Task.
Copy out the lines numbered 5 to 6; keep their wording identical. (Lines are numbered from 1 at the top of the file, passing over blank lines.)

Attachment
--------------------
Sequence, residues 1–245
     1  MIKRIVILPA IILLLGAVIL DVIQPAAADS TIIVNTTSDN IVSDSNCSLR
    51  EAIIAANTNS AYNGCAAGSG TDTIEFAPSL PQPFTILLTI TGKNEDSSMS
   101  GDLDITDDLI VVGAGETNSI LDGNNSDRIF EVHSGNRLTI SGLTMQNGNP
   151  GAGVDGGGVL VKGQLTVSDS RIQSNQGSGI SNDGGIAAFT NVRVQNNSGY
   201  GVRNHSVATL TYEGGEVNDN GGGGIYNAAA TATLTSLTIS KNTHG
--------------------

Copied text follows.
   151  GAGVDGGGVL VKGQLTVSDS RIQSNQGSGI SNDGGIAAFT NVRVQNNSGY
   201  GVRNHSVATL TYEGGEVNDN GGGGIYNAAA TATLTSLTIS KNTHG